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Anybody can don black leather and a bandana to look the part of a biker.

Holding your own at Street Vibrations may be more difficult if you can’t talk motorcycles. Bikers have their own lingo.

First and foremost, don’t ever say “drive” when talking about motorcycles. You drive a car, you ride a bike. I’ve been riding bikes since I got my driver’s license and still don’t understand why this is such a big pet peeve, but it is.

Bikers take this as seriously as Nevadans do the pronunciation of their state name, Nev-AD-a.

Chopper vs. bobber

The biker crowd at Street Vibrations represents a narrow segment of those who ride. Almost every bike will be an American cruiser, meaning a lot of Harley-Davidsons and some Indian motorcycles. You’ll probably see a few Victory motorcycles, as well. Cruisers differ from sport bikes in that riders sit back in a relaxed position, ideal for cruising.

These bikes can be customized into chopper and bobbers. The difference between the two: Bobbers are stripped down motorcycles with shortened fenders that look fairly stock, while choppers are extreme. Choppers have everything from oversized wheels to loud paint jobs, excessively long forks pushing the front wheel far out and high handlebars, commonly called ape-hangers because the rider has to reach up to grab them.

The talk

Talking motorcycles is simple for an obvious reason. There isn’t much to talk about.

Motorcycles are basic, consisting of little more than a rider on top of an engine between two wheels.

Here are the quintessential terms to hold a five-minute conversation with a biker:

  • Engine size – Motorcycle engines are almost exclusively measured in cubic centimeters, though bikers never say more than CCs when describing their engine sizes. Anything above 1,000 CCs is a large engine. Many motorcycle models include a number in their name, which is usually the engine size. Examples are the Harley-Davidson Sportster 1200, Iron 883 and 1200 Custom. It's important to note that American motorcycle manufacturers still use cubic inches when describing engine sizes of some models.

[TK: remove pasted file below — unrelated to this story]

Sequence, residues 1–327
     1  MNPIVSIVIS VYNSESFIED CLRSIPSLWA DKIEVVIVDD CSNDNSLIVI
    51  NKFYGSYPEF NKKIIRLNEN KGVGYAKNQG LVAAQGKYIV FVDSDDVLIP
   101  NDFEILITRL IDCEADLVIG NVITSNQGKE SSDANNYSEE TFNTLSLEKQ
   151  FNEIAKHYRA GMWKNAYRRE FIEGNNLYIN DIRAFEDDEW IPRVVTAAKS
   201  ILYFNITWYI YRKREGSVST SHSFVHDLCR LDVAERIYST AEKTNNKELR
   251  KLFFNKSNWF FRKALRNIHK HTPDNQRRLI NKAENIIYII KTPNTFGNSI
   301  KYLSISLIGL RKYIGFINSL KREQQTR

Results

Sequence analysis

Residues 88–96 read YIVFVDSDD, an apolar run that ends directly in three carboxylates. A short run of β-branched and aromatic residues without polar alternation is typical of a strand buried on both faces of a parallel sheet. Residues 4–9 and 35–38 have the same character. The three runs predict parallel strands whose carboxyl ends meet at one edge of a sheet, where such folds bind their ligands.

• Bagger – A motorcycle with saddlebags, usually referring to a big motorcycle with hard cases and not soft, leather bags.
  • Big Twin – Many Harley-Davidsons use a large V-twin engine. The name means the engine has two cylinders arranged in a distinct V-shape visible below the fuel tank.
  • Air-cooled vs. liquid cooled – Motorcycle engines are cooled in one of two ways. Air either circulates around the engine as the bike rolls down the road or coolant liquid is pumped through channels in the engine. A telltale sign of liquid cooling is a radiator in front of the engine, which looks similar to the radiator in front of your car engine, though much smaller. Air-cooled engines are usually covered in fins to help release heat. Liquid cooling is superior since it works even when the bike is stuck at a stoplight. Air-cooled engines can overheat if the bike isn’t moving. Many Harley-Davidsons are still air-cooled.
  • Belt vs. Chain – Motorcycles are propelled forward by either a metal chain, similar to a bicycle, or a rubber belt extending from the engine back to the rear wheel. A third option, shaft drives, is becoming more common. These bikes have a metal shaft, similar to a car's driveshaft, extending from the engine to the rear wheel. 

If you happen to hop on a bike during Street Vibrations week, you’ll no doubt pass other bikers on the road. Bikers often wave to each other. You’ll be excited by the inclusion but don’t show it in an overly enthusiastic wave.

Put in as little effort as possible, taking your left hand off the handlebar and giving one twitch of the wrist as you pass. Nothing more.

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